WXYZ ABC 7 reports that after Ingham County Circuit Court Judge William Collette ruled that meetings by a state-appointed financial review team violated the Michigan’s open meetings act, Highland Park Schools emergency manager Jack Martin is stepping aside. His resignation returns decision-making responsibilities to the district’s superintendent and school board. The 10-member financial review team planned to meet in an open meeting to discuss the financial situation in Highland Park Schools.
The state says the district may be so short on cash, however, that they may not be able to make the week’s payroll obligations. This is so despite a $4 million hardship loan and two advancements of State Aid Payments. The state is working towards completing an operating agreement with either another district or a charter operator that will help students that want to remain in the district.
Governor Snyder is also urging the Legislature to consider a bill that will offer students who wish to leave the district the opportunity to do so. “We will not fail the children of Highland Park,” Snyder said. “They deserve a quality education so they can take advantage of the many opportunities that await them. The students, parents, and residents of Highland Park deserve better and doing nothing is not an option.”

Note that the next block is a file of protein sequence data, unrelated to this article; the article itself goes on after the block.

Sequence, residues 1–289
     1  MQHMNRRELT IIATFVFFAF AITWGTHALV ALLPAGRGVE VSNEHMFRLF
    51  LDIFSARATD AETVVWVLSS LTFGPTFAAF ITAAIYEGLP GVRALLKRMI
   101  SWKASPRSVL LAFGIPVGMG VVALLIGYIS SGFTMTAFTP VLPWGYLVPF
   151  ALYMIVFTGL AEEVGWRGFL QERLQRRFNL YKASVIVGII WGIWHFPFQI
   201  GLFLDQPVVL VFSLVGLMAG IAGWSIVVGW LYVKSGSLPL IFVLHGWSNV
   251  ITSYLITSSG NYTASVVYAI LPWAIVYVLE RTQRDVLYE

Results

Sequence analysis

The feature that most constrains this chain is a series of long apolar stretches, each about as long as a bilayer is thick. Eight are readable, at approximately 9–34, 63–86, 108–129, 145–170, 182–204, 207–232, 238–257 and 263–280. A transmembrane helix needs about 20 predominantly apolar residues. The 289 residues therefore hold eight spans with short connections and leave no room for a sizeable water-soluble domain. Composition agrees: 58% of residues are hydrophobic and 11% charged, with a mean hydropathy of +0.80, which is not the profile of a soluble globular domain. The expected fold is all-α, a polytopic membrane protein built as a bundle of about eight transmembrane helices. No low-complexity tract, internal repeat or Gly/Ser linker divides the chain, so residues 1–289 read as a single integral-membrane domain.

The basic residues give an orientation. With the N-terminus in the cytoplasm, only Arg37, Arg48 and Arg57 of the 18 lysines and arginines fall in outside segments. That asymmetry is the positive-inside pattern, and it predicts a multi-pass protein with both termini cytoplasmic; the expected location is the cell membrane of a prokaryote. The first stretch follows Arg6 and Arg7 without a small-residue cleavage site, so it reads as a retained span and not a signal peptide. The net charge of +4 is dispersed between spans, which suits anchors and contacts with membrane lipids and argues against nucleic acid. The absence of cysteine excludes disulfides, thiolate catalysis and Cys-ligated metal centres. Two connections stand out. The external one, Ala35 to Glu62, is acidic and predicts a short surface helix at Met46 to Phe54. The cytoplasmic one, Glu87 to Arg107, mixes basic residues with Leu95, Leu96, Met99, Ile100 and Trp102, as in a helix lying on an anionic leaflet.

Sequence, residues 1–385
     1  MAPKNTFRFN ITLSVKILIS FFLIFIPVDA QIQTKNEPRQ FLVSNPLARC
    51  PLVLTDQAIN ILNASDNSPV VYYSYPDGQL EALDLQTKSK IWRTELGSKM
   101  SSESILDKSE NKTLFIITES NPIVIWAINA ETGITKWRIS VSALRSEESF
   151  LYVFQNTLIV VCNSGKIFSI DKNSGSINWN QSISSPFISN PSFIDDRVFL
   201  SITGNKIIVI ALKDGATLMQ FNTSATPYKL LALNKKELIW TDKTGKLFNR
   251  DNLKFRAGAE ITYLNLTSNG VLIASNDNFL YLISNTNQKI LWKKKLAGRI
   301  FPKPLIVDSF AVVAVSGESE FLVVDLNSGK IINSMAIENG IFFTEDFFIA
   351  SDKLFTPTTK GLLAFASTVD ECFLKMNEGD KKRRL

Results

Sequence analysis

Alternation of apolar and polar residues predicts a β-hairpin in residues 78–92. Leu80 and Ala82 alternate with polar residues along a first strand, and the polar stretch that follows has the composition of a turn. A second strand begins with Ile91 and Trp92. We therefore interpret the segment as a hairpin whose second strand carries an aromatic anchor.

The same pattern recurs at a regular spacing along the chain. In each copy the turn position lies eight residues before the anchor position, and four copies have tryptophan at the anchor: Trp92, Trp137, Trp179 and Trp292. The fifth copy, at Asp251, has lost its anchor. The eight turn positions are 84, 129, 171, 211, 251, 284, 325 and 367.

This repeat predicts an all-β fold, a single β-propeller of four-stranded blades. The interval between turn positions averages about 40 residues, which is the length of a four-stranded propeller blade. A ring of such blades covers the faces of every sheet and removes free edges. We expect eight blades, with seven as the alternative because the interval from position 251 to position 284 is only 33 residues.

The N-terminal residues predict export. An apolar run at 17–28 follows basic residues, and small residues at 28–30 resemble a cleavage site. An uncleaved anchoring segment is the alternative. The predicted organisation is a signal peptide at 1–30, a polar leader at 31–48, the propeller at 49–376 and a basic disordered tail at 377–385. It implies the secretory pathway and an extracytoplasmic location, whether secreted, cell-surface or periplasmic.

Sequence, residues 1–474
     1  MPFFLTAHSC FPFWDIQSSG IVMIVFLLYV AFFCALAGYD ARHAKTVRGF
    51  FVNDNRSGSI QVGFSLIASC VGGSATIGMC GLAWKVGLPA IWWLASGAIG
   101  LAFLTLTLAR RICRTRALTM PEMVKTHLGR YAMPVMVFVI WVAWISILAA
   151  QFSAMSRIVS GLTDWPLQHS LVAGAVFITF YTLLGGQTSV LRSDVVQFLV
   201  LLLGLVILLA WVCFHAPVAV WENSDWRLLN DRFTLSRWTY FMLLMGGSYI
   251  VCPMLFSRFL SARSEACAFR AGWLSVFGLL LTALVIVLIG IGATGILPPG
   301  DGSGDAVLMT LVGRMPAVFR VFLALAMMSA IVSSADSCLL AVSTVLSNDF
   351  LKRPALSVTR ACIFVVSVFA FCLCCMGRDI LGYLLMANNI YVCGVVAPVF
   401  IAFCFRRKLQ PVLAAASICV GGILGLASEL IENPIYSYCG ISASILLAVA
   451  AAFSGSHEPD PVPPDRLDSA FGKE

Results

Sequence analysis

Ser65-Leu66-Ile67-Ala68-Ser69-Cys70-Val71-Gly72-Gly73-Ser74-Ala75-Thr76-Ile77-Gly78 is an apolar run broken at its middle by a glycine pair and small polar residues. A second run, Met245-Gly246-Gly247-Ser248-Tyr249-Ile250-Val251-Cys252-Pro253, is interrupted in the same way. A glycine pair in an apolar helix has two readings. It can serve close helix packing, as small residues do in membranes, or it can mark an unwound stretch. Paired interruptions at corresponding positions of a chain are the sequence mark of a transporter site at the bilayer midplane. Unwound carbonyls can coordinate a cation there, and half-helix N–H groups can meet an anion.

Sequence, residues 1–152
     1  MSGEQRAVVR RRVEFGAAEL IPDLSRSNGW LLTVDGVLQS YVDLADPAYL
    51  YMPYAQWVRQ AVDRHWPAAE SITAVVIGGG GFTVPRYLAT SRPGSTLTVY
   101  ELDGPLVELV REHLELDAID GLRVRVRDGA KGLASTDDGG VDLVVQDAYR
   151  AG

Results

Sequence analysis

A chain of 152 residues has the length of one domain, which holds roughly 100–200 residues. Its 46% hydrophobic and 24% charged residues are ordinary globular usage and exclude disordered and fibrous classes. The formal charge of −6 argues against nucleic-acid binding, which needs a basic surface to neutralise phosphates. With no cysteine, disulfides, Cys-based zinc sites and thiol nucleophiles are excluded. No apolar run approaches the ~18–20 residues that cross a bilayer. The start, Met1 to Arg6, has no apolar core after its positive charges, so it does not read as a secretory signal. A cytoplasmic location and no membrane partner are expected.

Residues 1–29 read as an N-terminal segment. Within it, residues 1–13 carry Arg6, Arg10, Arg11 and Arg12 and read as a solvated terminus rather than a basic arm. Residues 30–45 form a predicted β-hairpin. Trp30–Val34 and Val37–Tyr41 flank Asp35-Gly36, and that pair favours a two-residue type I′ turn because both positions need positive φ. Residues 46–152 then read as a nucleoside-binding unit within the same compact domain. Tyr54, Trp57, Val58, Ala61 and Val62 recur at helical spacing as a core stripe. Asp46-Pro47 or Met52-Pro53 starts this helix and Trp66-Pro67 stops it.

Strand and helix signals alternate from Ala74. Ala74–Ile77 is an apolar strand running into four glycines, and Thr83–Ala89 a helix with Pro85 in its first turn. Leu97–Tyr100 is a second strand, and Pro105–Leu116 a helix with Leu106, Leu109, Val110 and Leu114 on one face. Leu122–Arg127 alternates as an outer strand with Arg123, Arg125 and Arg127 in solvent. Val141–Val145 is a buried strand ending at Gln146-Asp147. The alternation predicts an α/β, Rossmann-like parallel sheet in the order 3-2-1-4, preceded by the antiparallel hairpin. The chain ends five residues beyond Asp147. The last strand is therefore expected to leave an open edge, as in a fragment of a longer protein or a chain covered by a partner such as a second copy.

Source: WXYZ ABC 7, 2/21/12, By Staff
[Editor's Note: The Highland Park situation presents another example of how opponents to a policy, in this case a state takeover, were able to use the state's open meetings law to affect change even without addressing the merits of their objections. In February 2012 Legal Clips summarized an article in the Billings Gazette reporting that members of the Helena School Board had approved terms of a settlement agreement regarding a lawsuit filed by opponents of the school district’s controversial health curriculum. The group alleged various open-meeting violations and violations of the requirements to provide public records in connection with the passage of the health enhancement curriculum.]